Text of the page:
> vehicle traffic and little foot traffic. Yet, this corner of the
> Cornfield equaled or exceeded the violence of the western side where
> Gibbons fought. From the initial passing of Duryea's brigade at 6 am,
> to the attacks by Hay's Tigers, Hartsuff's men, and Law's Brigade, the
> stand by the Penn. Reserves, Ripley and Gordon facing each other, and
> finally Tyndale rolling up Colquitt's flank, this corner overlooked 3
> hours of back-and-forth sacrifice. This location is also neat in that
> most of the states had units in action in this vicinity. This corner
> was described as "...dead men literally piled upon and across each
> other" by one of Tyndale's regimental commanders. Of note is what you
> can't see from here... you can't see Miller's farm house, nor can you
> see the West Woods. This is a fantastic spot to appreciate how
> restrictive the terrain could be.
> Well, that's a suggestion as a way to appreciate the Cornfield from
> other than the "standard" read from Auto Stop 4.
> Ron Dickey
> --- In TalkAntietam@yahoogroups.com, "G E Mayers" gerry1952@ wrote:
> > Gang,
> > In October (October 15th) I will be hosting a tour at Sharpsburg
> > (Antietam) battlefield for the Civil War Discussion Group Fall 2006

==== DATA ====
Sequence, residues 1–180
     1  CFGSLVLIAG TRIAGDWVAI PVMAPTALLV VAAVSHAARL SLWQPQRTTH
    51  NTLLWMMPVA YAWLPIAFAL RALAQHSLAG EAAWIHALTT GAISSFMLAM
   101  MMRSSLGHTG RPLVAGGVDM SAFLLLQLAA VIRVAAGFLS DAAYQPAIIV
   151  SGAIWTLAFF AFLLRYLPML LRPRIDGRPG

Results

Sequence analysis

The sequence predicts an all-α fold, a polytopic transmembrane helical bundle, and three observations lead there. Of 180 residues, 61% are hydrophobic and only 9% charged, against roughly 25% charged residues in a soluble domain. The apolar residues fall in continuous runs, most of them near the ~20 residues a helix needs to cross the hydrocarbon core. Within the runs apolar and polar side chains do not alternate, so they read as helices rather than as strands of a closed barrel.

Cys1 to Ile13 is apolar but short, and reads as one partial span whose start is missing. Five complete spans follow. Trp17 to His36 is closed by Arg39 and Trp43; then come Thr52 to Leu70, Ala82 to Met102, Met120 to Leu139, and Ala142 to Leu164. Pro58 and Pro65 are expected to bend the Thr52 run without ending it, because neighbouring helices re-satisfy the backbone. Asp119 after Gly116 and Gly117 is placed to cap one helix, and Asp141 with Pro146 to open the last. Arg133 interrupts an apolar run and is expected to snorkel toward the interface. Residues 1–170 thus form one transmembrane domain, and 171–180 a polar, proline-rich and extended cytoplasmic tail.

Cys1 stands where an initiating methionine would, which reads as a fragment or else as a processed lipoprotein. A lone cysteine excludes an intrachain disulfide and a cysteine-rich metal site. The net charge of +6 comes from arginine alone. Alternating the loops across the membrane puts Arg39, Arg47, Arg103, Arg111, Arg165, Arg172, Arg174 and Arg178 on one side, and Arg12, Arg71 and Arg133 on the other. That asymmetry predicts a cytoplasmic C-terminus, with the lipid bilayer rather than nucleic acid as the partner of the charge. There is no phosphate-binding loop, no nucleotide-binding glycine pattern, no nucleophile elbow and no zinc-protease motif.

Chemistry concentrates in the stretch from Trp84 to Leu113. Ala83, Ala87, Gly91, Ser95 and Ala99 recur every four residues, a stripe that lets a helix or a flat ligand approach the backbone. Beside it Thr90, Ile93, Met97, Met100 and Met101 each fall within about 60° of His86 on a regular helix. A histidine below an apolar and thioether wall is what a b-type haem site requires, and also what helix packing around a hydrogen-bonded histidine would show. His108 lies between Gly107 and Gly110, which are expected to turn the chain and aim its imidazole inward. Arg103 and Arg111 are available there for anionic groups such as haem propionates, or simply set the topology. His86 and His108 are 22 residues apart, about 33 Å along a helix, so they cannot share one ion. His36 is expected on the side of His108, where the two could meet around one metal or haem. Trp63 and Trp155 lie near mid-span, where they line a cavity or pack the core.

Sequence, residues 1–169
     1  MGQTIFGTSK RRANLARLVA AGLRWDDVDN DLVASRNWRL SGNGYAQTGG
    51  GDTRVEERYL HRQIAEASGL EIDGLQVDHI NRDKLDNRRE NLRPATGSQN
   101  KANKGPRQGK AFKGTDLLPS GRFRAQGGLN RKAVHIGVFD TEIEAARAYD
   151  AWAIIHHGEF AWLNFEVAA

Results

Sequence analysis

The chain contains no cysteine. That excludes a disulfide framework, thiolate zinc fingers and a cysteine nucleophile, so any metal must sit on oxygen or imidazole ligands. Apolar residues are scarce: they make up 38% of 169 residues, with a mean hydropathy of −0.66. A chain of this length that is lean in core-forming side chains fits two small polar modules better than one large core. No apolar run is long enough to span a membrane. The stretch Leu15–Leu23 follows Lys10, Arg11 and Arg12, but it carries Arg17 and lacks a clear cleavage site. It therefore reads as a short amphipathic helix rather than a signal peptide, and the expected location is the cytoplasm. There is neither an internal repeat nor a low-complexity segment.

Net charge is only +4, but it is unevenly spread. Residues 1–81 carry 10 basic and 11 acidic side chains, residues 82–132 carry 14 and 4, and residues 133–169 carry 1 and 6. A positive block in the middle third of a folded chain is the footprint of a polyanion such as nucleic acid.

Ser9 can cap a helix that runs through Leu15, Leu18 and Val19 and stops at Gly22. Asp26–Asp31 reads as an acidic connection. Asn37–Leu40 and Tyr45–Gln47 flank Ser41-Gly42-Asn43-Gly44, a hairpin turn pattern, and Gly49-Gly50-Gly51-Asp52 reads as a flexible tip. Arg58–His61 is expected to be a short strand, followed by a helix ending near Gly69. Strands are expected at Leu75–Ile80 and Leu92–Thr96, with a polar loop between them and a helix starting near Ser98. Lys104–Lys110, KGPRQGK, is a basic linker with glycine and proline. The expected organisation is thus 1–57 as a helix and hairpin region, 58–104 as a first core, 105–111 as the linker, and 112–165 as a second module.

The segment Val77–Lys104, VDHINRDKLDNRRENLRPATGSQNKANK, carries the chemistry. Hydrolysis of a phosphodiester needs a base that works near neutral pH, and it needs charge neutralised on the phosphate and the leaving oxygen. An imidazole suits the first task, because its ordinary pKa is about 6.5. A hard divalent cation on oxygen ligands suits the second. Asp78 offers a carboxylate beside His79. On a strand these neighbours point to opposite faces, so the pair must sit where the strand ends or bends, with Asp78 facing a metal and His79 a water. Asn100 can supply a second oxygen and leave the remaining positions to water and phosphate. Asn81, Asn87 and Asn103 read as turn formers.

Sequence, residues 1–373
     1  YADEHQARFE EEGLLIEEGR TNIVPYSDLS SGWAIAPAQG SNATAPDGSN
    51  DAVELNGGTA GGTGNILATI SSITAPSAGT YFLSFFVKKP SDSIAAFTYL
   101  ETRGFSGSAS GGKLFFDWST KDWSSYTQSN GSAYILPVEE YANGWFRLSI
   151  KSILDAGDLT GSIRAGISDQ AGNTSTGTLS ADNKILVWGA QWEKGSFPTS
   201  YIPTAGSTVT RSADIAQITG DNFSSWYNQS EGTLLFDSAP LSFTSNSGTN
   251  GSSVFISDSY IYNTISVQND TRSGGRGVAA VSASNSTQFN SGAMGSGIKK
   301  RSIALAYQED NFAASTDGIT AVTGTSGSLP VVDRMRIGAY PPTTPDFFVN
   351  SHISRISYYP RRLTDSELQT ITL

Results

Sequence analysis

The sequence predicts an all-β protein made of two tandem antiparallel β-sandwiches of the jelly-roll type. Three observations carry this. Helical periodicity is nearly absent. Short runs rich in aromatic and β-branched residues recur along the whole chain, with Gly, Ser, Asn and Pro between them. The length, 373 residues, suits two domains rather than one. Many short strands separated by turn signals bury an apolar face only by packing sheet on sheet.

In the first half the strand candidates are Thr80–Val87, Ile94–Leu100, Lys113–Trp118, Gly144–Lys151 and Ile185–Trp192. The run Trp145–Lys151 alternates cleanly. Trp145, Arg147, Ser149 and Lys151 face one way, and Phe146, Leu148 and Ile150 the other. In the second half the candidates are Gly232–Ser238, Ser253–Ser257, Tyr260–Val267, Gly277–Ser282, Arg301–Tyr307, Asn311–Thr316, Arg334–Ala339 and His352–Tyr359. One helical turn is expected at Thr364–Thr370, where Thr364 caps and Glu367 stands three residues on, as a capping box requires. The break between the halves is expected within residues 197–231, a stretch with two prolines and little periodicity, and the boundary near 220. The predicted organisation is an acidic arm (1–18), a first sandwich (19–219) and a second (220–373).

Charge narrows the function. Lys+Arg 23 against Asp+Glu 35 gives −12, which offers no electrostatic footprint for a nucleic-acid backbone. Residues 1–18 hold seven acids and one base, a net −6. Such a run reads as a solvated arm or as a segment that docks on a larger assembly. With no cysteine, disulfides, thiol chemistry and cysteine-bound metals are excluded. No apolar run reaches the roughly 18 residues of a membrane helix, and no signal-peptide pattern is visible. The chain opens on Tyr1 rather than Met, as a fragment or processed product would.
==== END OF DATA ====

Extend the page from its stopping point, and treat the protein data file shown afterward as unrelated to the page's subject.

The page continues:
> > Muster. I realize some members of this board are also members of the
> > other board.... but this is not a cross posting.
> > I write with three main requests:
> > 1. In addition to the remaining portion of the West Woods between
> > Philadelphia Brigade park and the SR 64 bypass, what other off the
> > beaten path areas in the park are there in the area of the Morning
> > Phases of the battle that can be visited with needing special
> > permission to do so?
- More likely C. M. Douglas' brigade from Lawton's Div.
Thomas G. Clemens D.A.
Professor of History
Hagerstown Community College
>>> camdensquare@... 05/29/06 8:48 AM >>>
- After I posted my first message about Schell, I noticed John M. Priest
includes this incident in his Antietam book. Priest says that Frank
Schell sketched the wounded Confederate and his dead father shortly
after the artist "crossed the left of the 21 Georgia's former line"
(page 167). The 21st GA, part of Trimble's [Walker's] brigade, had
been sent forward to shore up Lawton and Ripley's line between Mumma's
lane and the Cornfield.
--- In TalkAntietam@yahoogroups.com
<mailto:TalkAntietam@yahoogroups.com> , "Thomas Clemens" <clemenst@...>
>[Non-text portions of this message have been removed]
> More likely C. M. Douglas' brigade from Lawton's Div.
> Thomas G. Clemens D.A.
> Professor of History
> Hagerstown Community College
> >>> camdensquare@... 05/29/06 8:48 AM >>>
- Yes that makes sense too. Good.
Thomas G. Clemens D.A.
Professor of History
Hagerstown Community College
>>> camdensquare@... 05/30/06 5:03 PM >>>